Tag Archives: Extension Tax

Thanking people for doing their job.

This week I traveled to Australia to speak at a conference. On my flight from Sydney to Perth, I was pulled aside for additional screening for explosives. The agent passed a wand over my luggage, my shoes and my hands. He then put the wand into a reader before he let me go. I thanked him for doing his job and went on my way.

On my return flight, I was again “selected” for additional screening and went through the process again. I made a point to thank the agent for doing his job.

Many people would feel inconvenienced for being pulled aside for additional screening. However, these people are only doing their job. They are asked to pick travelers at random and check them for explosives. Did I enjoy the process? No . Did I appreciate the delay? No . However, I did appreciate the fact that these people were helping to keep us all safe by looking for potential explosive material. Continue reading

With the filing deadline close, here’s why taxpayers should e-File

IRS in its recent issue (Issue Number: Tax Tip 2019-34), highlighted the importance of electronic filing and how this efile could be a saver with the deadline fast approaching, here it is.

A few taxpayers still use the old-school method of filing their tax returns: on paper. For these people, now is the time to consider filing electronically. With the April tax deadline right around the corner, it’s the perfect time to use IRS e-File.

Here are the top six reasons why taxpayers should file electronically in 2019:

It’s accurate and easyE-File helps taxpayers avoid mistakes, such as a transposed Social Security number. Taxpayers who e-File receive an acknowledgement from the IRS within minutes, telling them their return has been accepted. If a return is rejected, the acknowledgement will detail why the IRS rejected the tax return. Continue reading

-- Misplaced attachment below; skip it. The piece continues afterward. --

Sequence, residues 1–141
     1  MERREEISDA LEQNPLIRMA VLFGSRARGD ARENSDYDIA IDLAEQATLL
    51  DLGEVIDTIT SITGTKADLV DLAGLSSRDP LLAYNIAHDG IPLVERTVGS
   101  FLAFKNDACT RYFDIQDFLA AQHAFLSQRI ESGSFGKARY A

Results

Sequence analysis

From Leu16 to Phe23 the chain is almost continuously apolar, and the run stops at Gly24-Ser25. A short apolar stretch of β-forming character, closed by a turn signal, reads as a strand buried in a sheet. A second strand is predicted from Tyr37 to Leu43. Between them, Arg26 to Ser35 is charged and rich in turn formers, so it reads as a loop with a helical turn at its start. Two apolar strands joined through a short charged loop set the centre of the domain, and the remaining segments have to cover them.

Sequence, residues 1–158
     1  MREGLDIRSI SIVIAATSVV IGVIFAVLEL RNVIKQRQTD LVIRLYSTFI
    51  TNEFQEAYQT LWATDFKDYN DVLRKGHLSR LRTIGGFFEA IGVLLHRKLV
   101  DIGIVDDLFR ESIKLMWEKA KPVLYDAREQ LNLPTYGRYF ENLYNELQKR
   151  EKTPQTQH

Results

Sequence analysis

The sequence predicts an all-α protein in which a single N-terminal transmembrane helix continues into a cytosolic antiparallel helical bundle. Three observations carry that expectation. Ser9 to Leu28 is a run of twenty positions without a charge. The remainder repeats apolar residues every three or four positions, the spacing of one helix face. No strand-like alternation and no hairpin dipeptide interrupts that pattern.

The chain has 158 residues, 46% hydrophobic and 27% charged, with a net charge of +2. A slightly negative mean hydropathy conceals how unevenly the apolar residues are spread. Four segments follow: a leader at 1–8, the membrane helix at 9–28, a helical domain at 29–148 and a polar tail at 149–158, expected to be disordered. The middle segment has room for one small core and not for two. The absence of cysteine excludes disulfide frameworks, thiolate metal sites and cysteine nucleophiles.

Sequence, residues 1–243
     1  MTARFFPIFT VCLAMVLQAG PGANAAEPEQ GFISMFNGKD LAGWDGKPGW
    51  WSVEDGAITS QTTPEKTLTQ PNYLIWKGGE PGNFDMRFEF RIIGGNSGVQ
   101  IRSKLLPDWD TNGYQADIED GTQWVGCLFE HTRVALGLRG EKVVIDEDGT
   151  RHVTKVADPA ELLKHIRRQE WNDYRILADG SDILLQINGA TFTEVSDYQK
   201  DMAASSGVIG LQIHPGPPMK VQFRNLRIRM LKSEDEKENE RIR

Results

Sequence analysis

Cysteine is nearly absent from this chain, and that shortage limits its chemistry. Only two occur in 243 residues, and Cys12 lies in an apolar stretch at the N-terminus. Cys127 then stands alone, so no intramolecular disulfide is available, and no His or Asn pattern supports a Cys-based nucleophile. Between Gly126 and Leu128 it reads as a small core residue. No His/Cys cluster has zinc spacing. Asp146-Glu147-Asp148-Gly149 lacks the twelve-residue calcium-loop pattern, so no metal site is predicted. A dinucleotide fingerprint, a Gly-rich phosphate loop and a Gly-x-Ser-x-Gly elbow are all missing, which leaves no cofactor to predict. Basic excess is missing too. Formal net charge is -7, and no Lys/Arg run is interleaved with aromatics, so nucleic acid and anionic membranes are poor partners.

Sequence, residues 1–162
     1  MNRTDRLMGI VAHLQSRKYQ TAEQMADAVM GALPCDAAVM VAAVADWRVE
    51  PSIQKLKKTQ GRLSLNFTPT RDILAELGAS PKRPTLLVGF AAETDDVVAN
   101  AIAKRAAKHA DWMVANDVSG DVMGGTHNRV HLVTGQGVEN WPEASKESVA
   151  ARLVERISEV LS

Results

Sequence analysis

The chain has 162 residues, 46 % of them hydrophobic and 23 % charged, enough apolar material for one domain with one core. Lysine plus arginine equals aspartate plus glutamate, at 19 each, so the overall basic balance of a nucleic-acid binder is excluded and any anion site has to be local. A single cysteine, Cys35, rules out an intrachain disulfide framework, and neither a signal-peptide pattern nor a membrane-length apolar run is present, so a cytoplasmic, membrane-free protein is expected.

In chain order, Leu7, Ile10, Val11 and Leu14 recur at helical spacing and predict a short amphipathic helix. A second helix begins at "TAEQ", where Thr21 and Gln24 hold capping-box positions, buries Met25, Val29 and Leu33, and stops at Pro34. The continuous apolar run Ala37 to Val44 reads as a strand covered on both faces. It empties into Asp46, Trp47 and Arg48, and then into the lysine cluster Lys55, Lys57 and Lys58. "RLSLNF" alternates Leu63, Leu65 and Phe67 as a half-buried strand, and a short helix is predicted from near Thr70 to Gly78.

All taxpayers will file using 2018 Form 1040; Forms 1040A and 1040EZ no longer available

As the April filing deadline approaches, IRS reminds taxpayers that Form 1040 has been redesigned for tax year 2018. The revised form consolidates Forms 1040, 1040A and 1040-EZ into one form that all individual taxpayers will use to file their 2018 federal income tax return.

Forms 1040-A and 1040-EZ are no longer available to file 2018 taxes. Taxpayers who used one of these forms in the past will now file Form 1040. Some forms and publications released in 2017 or early 2018 may still have references to Form 1040A or Form 1040EZ. Taxpayers should disregard these references and refer to the Form 1040 instructions for more information. Continue reading

Business taxpayers should take another look at their estimated tax payments

IRS in their latest issue (Issue Number: Tax Reform Tax Tip 2019-23) has alerted the business taxpayers to double check the estimated tax payments, and here it from the alert…

Taxpayers who pay quarterly estimated tax payments may want to revisit the amount they pay. The Tax Cuts and Jobs Act changed the way most taxpayers calculate their tax. These taxpayers include those with substantial income not subject to withholding, such as small business owners and self-employed individuals. The tax reform changes include:

  • Revised tax rates and brackets
  • New and revised business deductions
  • Limiting or discontinuing deductions
  • Increasing the standard deduction